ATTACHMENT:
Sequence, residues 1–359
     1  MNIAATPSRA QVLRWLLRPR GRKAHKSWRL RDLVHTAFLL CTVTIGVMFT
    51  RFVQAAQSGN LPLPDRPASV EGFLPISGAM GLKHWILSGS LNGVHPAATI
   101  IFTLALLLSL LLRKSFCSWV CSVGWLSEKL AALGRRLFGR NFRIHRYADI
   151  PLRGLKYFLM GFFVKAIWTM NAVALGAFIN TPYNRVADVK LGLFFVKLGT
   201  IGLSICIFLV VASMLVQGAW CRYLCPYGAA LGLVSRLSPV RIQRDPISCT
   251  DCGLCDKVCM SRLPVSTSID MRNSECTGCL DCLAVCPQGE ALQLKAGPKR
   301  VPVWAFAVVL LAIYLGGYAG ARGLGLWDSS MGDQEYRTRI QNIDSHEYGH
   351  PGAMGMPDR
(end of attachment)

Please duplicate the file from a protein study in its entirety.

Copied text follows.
Sequence, residues 1–359
     1  MNIAATPSRA QVLRWLLRPR GRKAHKSWRL RDLVHTAFLL CTVTIGVMFT
    51  RFVQAAQSGN LPLPDRPASV EGFLPISGAM GLKHWILSGS LNGVHPAATI
   101  IFTLALLLSL LLRKSFCSWV CSVGWLSEKL AALGRRLFGR NFRIHRYADI
   151  PLRGLKYFLM GFFVKAIWTM NAVALGAFIN TPYNRVADVK LGLFFVKLGT
   201  IGLSICIFLV VASMLVQGAW CRYLCPYGAA LGLVSRLSPV RIQRDPISCT
   251  DCGLCDKVCM SRLPVSTSID MRNSECTGCL DCLAVCPQGE ALQLKAGPKR
   301  VPVWAFAVVL LAIYLGGYAG ARGLGLWDSS MGDQEYRTRI QNIDSHEYGH
   351  PGAMGMPDR